James Caulfield/Frank Lloyd Wright Trust
Following a hiatus last year due to the pandemic, the Wright Plus Housewalk (run by the Frank Lloyd Wright Trust in Chicago) is back—meaning, you can tour a bevy of privately-owned Frank Lloyd Wright-designed homes throughout Oak Park and River Forest, Illinois for just one day, for the first time since 2019.
Taking place on Saturday, September 18th, the 2021 Wright Plus Housewalk boasts an impressive lineup of FLW-designed homes, including the Isabel Roberts House (built in 1908 and remodeled in 1955), the J. Kibben Ingalls House (built in 1909, and last included on the Housewalk in 1999), and the Oscar B. Balch House (built in 1911). To note, the Isabel Roberts House features the only Prairie-style interior that was updated by Wright himself.
This annual tradition allows architecture enthusiasts from near and far to tour the private residences of those who are lucky enough to live in a FLW-designed dwelling. Better yet, volunteer tour guides will be at each home, in order to provide guests with historical details about the many abodes that are part of the Housewalk.
As many admirers of Frank Lloyd Wright’s work may already know, this area within the Chicago suburbs boasts the greatest amount of Wright-designed structures in the entire world. And if you’re looking for even more local historic homes to tour, might we suggest you also stop by the Ernest Hemingway Birthplace Museum, which is also located in Oak Park—just a few minutes away!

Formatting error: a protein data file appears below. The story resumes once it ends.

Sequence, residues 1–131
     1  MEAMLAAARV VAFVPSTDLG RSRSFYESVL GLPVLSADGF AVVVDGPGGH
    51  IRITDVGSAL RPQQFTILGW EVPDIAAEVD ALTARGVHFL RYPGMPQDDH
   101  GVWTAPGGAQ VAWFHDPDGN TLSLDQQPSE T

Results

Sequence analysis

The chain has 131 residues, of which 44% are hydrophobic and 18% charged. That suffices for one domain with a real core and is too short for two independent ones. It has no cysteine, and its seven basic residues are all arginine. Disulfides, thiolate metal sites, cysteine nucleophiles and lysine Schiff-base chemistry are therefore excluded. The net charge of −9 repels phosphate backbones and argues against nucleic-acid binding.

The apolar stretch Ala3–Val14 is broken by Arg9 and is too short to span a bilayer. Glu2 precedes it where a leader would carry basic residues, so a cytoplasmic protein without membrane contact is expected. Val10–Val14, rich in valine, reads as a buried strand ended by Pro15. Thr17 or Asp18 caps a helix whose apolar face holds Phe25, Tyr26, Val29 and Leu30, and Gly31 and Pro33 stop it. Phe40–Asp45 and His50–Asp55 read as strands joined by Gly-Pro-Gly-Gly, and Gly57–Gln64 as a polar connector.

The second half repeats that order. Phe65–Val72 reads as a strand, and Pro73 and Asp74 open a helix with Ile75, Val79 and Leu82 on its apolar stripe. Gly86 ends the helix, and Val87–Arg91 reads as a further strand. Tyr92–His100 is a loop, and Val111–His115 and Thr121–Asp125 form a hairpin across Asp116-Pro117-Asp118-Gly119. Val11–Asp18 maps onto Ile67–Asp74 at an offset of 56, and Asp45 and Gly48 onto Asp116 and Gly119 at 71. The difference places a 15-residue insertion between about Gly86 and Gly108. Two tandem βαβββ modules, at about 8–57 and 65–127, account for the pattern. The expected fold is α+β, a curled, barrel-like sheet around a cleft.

Typically, only two Wright-designed homes in Oak Park are open to the public beyond the Housewalk, on certain days year-round: The Frank Lloyd Wright Home and Studio and the Frederick C. Robie House. Additionally, the Housewalk also includes sites designed by other renowned architects, such as H. Mahler and William Drummond, who designed the Bell House (built in 1913) and the John A. Klesert House (built in 1915), respectively, both of which are new additions to the Housewalk this year.
Interested in buying a ticket to the 2021 Wright Plus Housewalk? You can do so here. And if you’re unable to make it, fear not: You can virtually tour a number of Frank Lloyd Wright-designed homes here and here—and see behind the restoration of a FLW house in New York below.
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